Many marketing agencies have written about the latest Google announcements regarding the upcoming cookieless future. Other headlines talk about Apple fighting with Facebook. Still more articles talk about consumer privacy efforts in Europe and California, and how companies like Apple and Google are working to bring their privacy efforts more in line with those restrictions. For a small business owner trying to market to their customers, it’s a lot to keep track of. That’s why, as a small business marketing agency, EAG understands the importance of making this simple for our clients. These topics can get very technical very quickly, so we’ll start with a quick rundown on data privacy and what people mean by a cookieless future.
The concerns for small business marketing are significant: Can we still track campaign effectiveness and target our audience effectively?
Digital marketing isn’t going to die when cookies go away. First, let’s define what’s happening here. Cookies track individual users. Third-party cookies are the issue here, and third-party cookies are bits of code that identify an individual based on the user’s web browser. It’s “third-party” because it can be placed on a user by a website domain that is different than the domain that user is on. The cookie tracks you throughout your internet journey to build a profile of your online behavior. Advertisers and marketers can then use the tracking code to build a profile of you – and users who fit the same profile – to deliver targeted ads.
The other cookie type is a first-party cookie. That’s a cookie placed on users by the site they’re on. Those don’t go away in the cookieless future. They can still be used to build profiles, target an audience, and track campaign effectiveness.
The biggest shift that comes from a cookieless future is switching from a reliance on third-party data to first-party data. The future in this new world looks much like the past. Instead of being able to leverage third-party data to target someone specifically, as an outsourced marketing agency, EAG is going to turn more toward programmatic advertising – showing your ads to your target audience based on the topic of the content they are currently viewing, without relying on an individual’s past behavior to target that person. That means targeting groups of slightly broader cohorts rather than individuals. Will it be as effective? During Google’s trial of this new initiative, it has achieved 95% as many conversions with ads targeted at cohorts compared to ads targeted using cookies, depending on the strength of the cohort.
Targeting cohorts of people instead of individuals isn’t going to destroy the ability to market to your audience. Your target audience consumes the same kind of content across all media formats (blogs, videos, radio, etc.) related to their industry or common likes, and they will still be able to be targeted as a result. Google Analytics 4 was released earlier this year and, while it still leaves much to be desired in its current phase, it is privacy-centric by design. In other words, Google saw this coming and is preparing for it so small business marketers can still get the data they need to make decisions and properly credit marketing tactics for getting the job done.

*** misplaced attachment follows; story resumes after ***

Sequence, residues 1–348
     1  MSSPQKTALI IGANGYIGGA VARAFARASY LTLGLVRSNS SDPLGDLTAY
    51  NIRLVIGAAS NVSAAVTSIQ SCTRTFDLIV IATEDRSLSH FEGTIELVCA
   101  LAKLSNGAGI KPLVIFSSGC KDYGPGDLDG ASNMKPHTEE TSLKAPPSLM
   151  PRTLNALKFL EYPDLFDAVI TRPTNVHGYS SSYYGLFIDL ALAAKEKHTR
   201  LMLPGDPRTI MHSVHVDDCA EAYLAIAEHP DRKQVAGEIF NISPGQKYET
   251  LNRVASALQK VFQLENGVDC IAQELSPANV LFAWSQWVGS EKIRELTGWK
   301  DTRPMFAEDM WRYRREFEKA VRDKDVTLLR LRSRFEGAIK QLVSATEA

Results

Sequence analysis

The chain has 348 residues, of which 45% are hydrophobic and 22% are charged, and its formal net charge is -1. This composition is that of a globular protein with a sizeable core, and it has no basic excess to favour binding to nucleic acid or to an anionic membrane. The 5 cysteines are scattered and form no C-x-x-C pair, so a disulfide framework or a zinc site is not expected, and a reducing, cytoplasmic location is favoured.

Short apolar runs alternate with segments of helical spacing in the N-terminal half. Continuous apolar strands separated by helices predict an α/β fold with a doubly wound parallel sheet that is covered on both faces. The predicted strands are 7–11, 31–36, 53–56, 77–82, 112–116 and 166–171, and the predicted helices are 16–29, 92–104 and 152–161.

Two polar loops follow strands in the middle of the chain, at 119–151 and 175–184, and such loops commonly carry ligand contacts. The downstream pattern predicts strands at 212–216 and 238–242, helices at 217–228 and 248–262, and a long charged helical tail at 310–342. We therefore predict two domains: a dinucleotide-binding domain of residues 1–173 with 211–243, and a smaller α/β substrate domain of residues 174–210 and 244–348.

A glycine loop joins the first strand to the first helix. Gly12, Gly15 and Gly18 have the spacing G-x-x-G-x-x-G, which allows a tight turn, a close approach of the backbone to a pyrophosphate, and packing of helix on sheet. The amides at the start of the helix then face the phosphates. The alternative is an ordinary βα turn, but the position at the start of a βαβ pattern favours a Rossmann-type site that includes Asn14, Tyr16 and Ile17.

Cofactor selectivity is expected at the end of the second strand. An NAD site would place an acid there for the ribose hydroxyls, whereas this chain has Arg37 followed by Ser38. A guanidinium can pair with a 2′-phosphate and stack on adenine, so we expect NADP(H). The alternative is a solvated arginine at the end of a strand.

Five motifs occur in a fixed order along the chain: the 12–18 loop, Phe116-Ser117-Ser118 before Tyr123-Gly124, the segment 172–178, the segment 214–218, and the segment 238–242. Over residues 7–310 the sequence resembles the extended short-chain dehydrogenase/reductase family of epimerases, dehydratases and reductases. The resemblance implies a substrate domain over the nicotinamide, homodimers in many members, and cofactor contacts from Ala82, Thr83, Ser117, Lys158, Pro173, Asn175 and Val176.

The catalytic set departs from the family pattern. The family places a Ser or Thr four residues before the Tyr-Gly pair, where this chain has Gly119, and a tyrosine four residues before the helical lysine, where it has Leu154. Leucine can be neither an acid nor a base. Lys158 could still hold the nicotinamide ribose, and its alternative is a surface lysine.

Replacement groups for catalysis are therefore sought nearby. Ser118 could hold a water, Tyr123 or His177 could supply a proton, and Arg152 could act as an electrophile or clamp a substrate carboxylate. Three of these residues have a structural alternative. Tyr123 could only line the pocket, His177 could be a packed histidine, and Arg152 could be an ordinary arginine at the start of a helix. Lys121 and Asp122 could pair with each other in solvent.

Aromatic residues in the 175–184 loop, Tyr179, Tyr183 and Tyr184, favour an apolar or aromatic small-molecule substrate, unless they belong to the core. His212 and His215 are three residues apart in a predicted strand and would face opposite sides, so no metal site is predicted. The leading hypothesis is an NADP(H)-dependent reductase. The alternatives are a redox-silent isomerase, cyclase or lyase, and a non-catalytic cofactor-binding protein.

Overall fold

And then, there’s Apple. In Apple’s Mail app, Mail Privacy Protection stops senders from using invisible pixels to collect information about the user. The new feature helps users prevent senders from knowing when they open an email and masks their IP address so it can’t be linked to other online activity or used to determine their location.
For several years, Intelligent Tracking Prevention has helped protect Safari browser users from unwanted tracking by using on-device machine learning to stop trackers while allowing websites to function normally. This year, Intelligent Tracking Prevention is getting even stronger by also hiding the user’s IP address from trackers. This means these trackers can’t use the user’s IP address as a unique identifier to connect their activity across websites and build a profile about them.
What’s all this mean? There’s plenty more to come for small business marketing.
The upshot is that marketing to your audience isn’t going to get easier, despite the technological advances. That’s why we go back to best practices to make the most of our connection with current and potential clients.
For email, finding ways to get your target to opt-in is still going to be the best way to collect and use your email list. Tracking success will be even more of a challenge as Apple’s iOS won’t record when an individual opens your email. So, tracking those clickthrough links and any calls to action once a recipient clicks from an email to your website could become difficult. However, loyalty programs that incentivize users to log in to identify themselves on the website are an excellent way to ensure individual user activity can be tracked. Even using this tactic, the reason to log in must be compelling enough to make the user feel like submitting their information is worth the effort. Relying on your marketing agency partner to help develop new email engagement strategies is your best bet.
Google recently updated the timeline for a cookieless future to launch in late 2022, allowing additional time for advertisers to review the policy changes and shift strategies as needed. This phase will last for 9 months and the full transition will launch in late 2023. Apple is also consistently reviewing its policies and making updates as needed. Changes like these from giant digital companies can be a lot to keep up with. EAG Advertising & Marketing understands small businesses and we know our outsourced marketing clients would rather focus on growing their businesses than having to wade through the ever-changing digital landscape.